"I thought about having played with some of the greatest players ever at the highest level," Loftus said. "It was a great experience, and I had no idea we were coming back."
Top seed Duke (18-1) is back again, and so is Loftus, as the Blue Devils prepare to meet No. 5 Johns Hopkins (10-5) today in the national semifinals.
In a final four that features some of the most explosive offenses in the game, Loftus might be the main reason Duke wins the championship.
"He's the best of the four remaining goalies," ESPN commentator Quint Kessenich said. "He definitely gives Duke another edge."
It's a big edge. Normal college goalies can have a save percentage around .500, as Syracuse's John Galloway and Virginia's Bud Petit do. Hopkins' Michael Gvozden has shown steady improvement throughout the year and has a save percentage of .591.
But Loftus is at .628.
"He has been tremendously consistent since Day One," Duke coach John Danowski said of his senior goalie. "He has terrific hands. And when you get above the 60 percent mark, you've had one [great] year."
Loftus tends to get overshadowed by Duke's prolific offense, which averages 15.2 goals. He is an afterthought behind star attackmen Matt Danowski and Zack Greer.
But Duke's offense thrives on the transition game, and if you look closely, the person starting most of those fast breaks is Loftus.
He's a goalie version of Magic Johnson.
"The kid doesn't rattle," Maryland coach Dave Cottle said. "He makes the saves, but not only does he catch the ball, but he makes sure he starts the break. When you talk about containing their offense, he has to be part of the game plan."
Loftus just doesn't throw with accuracy. He has great vision. His eyes and feet are always moving, always prepared to make that quick outlet pass.
Loftus was a point guard on his high school basketball team in Syosset, N.Y.
"It's the same responsibility I had in basketball," Loftus said. "You have to get in the flow of the game and know where guys are, or direct them to where they are supposed to be. I take full responsibility of the clears, the ones that work and don't work. Good goalies aspire to handle the ball."
Loftus isn't flashy, and he isn't going to dazzle you with his footwork out of the goal. He is more like a New York traffic cop at rush hour using his body language and verbal skills to direct his teammates.
"I think his No. 1 strength is his demeanor," Hopkins coach Dave Pietramala said. "He doesn't get too high, and he doesn't get too low. When he makes a great save, he acts like he has been there before.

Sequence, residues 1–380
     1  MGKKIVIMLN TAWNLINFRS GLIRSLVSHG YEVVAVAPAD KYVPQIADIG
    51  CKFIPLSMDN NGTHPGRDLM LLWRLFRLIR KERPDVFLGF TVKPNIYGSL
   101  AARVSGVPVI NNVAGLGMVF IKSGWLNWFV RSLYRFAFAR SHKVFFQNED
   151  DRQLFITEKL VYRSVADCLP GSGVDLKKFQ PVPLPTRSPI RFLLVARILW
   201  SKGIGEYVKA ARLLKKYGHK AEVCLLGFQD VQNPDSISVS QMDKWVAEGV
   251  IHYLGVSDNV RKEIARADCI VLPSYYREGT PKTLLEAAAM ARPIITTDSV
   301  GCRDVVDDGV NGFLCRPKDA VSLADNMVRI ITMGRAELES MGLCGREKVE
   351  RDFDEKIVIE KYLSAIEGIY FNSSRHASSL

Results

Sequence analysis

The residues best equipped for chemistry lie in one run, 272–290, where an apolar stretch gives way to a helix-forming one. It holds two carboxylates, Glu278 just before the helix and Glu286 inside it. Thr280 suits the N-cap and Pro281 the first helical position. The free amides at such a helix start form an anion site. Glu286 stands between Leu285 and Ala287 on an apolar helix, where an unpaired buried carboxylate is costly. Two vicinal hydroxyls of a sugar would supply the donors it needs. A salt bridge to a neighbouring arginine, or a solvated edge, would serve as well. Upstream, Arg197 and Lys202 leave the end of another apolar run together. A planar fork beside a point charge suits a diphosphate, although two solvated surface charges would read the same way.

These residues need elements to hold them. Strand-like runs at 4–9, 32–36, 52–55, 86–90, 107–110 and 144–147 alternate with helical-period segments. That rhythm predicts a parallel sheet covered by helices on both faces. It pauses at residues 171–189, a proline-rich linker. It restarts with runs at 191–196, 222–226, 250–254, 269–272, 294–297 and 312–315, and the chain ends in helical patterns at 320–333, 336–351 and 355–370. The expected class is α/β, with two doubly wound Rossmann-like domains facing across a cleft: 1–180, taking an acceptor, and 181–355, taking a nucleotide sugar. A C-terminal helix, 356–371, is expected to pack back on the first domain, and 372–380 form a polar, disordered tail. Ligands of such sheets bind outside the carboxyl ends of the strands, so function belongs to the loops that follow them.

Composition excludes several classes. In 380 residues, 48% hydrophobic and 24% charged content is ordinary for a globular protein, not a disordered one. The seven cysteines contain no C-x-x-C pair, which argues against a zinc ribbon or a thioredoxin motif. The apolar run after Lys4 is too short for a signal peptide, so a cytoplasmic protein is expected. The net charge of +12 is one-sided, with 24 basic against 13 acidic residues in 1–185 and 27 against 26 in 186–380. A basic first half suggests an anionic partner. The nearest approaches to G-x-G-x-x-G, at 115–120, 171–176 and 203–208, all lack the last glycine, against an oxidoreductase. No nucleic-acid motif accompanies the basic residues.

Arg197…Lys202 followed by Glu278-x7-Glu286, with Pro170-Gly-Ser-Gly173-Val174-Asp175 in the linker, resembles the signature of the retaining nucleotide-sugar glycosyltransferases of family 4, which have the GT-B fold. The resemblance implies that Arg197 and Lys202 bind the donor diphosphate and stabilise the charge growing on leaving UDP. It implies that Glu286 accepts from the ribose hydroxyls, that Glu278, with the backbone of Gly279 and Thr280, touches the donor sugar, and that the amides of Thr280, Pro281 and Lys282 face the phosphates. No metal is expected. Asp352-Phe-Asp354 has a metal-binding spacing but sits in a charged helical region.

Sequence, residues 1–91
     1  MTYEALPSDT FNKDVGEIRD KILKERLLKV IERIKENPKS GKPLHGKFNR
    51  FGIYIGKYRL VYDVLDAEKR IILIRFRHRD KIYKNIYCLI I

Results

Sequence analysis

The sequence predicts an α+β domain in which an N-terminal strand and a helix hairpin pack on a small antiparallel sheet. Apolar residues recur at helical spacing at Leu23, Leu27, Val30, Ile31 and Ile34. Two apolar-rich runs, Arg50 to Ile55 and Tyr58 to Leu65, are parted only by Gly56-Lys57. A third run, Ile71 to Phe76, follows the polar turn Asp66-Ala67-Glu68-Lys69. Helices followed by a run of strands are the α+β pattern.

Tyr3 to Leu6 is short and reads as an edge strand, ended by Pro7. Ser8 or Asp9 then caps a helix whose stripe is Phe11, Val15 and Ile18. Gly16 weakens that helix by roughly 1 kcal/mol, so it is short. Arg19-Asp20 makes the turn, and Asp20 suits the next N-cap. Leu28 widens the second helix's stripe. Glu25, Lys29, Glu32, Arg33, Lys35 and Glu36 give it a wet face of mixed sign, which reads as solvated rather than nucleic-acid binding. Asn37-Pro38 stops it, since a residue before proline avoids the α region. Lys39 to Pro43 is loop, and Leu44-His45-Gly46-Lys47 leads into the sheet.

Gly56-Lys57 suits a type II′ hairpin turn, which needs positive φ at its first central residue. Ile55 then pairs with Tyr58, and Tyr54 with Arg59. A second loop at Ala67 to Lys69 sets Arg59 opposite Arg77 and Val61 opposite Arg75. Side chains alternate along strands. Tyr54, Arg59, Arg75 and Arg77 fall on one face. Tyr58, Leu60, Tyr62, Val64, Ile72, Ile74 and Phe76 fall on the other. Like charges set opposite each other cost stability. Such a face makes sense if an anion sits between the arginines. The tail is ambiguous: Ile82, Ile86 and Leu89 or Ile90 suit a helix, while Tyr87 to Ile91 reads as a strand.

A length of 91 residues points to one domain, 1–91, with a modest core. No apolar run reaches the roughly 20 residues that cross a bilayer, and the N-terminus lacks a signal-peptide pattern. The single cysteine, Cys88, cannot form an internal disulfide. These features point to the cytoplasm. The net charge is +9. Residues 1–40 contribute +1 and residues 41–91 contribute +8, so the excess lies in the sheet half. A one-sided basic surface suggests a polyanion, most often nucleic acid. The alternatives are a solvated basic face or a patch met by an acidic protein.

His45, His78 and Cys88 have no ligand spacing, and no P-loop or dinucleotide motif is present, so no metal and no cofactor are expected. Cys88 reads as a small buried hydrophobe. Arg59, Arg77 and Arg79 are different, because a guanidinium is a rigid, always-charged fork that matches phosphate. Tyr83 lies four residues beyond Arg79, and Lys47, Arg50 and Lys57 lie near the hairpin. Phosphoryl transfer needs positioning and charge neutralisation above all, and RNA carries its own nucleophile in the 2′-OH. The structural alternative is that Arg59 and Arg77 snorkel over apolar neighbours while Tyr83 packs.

"When he gives up one he shouldn't have, he lets it go and goes back to work. Duke's style is to take some risks, so it's important to have a guy like that back there."
Loftus acknowledges that he has plenty of help in front of him in close defensemen Mike Manley, Parker McKee and Tony McDevitt. The Blue Devils have two good long-stick midfielders in Ryan McFadyen and Nick O'Hara.
Their job is to pressure the other team's offense, create turnovers and get the ball back to the offense.
"Dan's knowledge of the game is tremendous," Danowski said. "He positions himself really well. We don't need him to be spectacular. We just need him to make the saves he is supposed to make. If he is spectacular, then we've failed clearing the ball or the offense is committing a lot of turnovers."
According to Pietramala, Loftus has had an excellent season considering it's hard for him to find a rhythm. Duke is a team that relies on runs, and the Blue Devils can score goals in bunches. Duke has outshot opponents 830-552.
Loftus, though, will face his share of shots this weekend. Virginia and Syracuse love to run and gun.
Hopkins plays a more disciplined style, but the Blue Jays have some great shooters.
"With most teams, you can take one player out of the equation and have an effect on a team," Loftus said. "With Hopkins, they all shoot with great velocity.
"I'm kind of looking at this as a second last chance. The only pressure we have is the pressure we're putting on ourselves. We've played loose all year, and I don't think that's going to change. Walking off that field last year made me proud of my teammates because we had been through so much. Regardless of what happens, this has still been a great experience."